Lira Falls to Record Low as Erdogan Signals New Syria Offensive
(Bloomberg) -- The Turkish lira extended its slide to a record low after President Recep Tayyip Erdogan hinted at a possible military offensive into neighboring Syria.
The currency depreciated as much as 0.4% to 9.0398 per U.S. dollar after Erdogan said late Monday that Turkey is determined to eliminate threats emanating from Syria “either through forces that are active there, or by our own means.”
While Ankara has been embroiled in the conflict for years, the move threatens to stoke tensions with the U.S., which is backing Kurdish militants in the region that Turkey opposes. And it comes at a fraught time for the NATO allies, with Washington warning it could impose sanctions on the country again.
“Market players seem to perceive these comments as a cross-border operation,” Emre Degirmencioglu, a group manager at the treasury department at Iktisatbank in Nicosia, wrote in a note.
The losses were exacerbated by a bout of dollar strength and fragile global risk appetite. An unexpected rate cut last month reduced the allure of Turkish assets and fueled concern that inflation -- already running at the fastest pace in two years -- would continue to accelerate.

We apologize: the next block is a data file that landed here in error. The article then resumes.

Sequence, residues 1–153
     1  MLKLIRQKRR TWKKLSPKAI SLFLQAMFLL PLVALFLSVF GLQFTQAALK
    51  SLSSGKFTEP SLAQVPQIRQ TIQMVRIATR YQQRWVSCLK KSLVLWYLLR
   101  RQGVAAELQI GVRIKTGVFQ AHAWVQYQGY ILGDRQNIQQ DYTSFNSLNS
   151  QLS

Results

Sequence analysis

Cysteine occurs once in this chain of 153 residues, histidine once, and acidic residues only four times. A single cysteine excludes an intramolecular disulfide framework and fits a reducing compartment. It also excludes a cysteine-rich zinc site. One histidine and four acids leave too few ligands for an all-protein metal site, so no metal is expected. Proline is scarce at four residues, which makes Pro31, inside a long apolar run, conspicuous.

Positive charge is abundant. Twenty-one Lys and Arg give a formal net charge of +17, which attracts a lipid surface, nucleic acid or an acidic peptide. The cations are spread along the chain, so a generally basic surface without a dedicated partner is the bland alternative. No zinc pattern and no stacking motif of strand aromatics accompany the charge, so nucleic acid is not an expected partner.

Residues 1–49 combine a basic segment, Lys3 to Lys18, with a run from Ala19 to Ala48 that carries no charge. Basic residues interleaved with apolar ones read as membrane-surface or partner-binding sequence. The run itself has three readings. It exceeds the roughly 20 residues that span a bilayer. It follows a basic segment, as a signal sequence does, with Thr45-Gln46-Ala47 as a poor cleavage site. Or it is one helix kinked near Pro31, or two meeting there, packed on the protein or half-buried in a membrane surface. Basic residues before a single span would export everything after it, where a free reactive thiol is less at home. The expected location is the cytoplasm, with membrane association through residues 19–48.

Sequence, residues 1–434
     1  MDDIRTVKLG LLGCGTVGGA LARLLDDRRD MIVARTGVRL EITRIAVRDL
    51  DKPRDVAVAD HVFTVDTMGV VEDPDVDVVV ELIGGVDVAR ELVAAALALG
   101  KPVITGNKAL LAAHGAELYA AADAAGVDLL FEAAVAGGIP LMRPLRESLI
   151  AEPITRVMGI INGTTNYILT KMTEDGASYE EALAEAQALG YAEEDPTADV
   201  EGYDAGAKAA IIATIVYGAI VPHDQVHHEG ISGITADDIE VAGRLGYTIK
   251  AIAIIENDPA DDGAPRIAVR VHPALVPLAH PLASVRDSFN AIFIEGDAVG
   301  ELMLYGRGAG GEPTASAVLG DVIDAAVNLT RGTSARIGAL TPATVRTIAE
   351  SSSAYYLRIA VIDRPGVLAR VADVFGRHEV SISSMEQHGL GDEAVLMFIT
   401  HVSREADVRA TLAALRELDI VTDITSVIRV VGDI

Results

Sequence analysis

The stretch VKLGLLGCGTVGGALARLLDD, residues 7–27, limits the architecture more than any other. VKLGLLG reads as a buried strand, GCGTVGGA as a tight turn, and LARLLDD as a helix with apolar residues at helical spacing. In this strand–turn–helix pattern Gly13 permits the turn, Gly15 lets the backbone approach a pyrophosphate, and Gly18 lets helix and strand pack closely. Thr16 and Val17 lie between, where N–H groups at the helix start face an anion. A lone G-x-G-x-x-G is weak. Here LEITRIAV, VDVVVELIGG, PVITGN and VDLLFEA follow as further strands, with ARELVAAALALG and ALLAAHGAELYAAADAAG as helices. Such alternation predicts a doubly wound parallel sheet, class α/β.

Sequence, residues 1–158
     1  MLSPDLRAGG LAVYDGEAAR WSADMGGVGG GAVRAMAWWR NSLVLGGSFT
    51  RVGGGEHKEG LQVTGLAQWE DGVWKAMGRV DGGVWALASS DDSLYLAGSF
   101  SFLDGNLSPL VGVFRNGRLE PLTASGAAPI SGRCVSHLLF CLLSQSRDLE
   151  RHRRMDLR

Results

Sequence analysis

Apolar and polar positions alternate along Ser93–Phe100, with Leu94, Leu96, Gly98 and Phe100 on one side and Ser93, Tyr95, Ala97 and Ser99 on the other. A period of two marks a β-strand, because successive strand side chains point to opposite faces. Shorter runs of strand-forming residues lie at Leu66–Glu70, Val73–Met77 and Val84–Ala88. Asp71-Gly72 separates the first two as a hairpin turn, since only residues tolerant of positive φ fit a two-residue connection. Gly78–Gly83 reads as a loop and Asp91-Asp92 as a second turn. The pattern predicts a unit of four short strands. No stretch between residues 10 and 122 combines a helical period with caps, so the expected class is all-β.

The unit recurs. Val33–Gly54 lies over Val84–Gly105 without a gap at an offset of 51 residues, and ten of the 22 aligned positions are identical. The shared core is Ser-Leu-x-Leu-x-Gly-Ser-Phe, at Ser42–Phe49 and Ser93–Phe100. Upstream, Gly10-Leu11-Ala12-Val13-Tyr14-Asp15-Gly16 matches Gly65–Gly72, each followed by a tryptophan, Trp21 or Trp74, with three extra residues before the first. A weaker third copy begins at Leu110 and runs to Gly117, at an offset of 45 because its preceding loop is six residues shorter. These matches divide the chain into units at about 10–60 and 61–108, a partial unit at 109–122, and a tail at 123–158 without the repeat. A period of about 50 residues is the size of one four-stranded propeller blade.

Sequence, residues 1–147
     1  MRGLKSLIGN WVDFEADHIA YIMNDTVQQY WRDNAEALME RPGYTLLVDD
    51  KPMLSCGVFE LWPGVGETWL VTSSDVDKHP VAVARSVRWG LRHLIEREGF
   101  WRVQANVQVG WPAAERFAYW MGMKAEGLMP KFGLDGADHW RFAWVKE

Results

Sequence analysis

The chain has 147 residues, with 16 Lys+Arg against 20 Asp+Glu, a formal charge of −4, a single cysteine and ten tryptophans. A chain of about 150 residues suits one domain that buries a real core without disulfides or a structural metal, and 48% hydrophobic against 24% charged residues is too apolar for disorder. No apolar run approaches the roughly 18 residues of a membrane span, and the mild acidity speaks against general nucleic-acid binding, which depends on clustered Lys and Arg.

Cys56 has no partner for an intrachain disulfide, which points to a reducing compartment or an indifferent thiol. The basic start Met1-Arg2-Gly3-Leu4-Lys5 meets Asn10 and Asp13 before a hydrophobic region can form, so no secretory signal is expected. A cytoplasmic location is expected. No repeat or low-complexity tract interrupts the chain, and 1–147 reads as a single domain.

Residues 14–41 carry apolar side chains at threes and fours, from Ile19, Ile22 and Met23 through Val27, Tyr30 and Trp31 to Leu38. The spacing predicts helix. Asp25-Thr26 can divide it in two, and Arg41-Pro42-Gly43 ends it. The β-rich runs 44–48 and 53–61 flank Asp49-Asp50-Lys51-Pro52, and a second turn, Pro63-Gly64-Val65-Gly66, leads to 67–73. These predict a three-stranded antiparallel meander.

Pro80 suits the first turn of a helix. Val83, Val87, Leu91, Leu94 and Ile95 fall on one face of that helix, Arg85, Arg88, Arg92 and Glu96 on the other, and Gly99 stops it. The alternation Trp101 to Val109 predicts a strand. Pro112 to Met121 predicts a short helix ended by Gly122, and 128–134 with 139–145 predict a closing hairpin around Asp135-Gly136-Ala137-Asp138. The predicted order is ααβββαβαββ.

The lira has weakened more than 6% against the dollar since the Turkish central bank governor last month shifted focus to a narrower set of core prices, stirring speculation he was giving policy makers more room to ease rates despite the risks.
“We could be witnessing the beginning of yet another vicious cycle of monetary policy easing,” said Piotr Matys, a senior currency analyst at InTouch Capital in London. A precipitous fall in the value of the lira could force the central bank to “abruptly make a U-turn and raise rates to stabilize the currency,” he said.
For its part, the central bank says the latest jump in inflation is transitory. Governor Sahap Kavcioglu told investors and analyst in a teleconference last week that Turkey’s monetary policy stance remains sufficiently tight.
The currency pared its decline and was trading 0.2% weaker at 9.0174 per dollar as of 4 p.m. in Istanbul.
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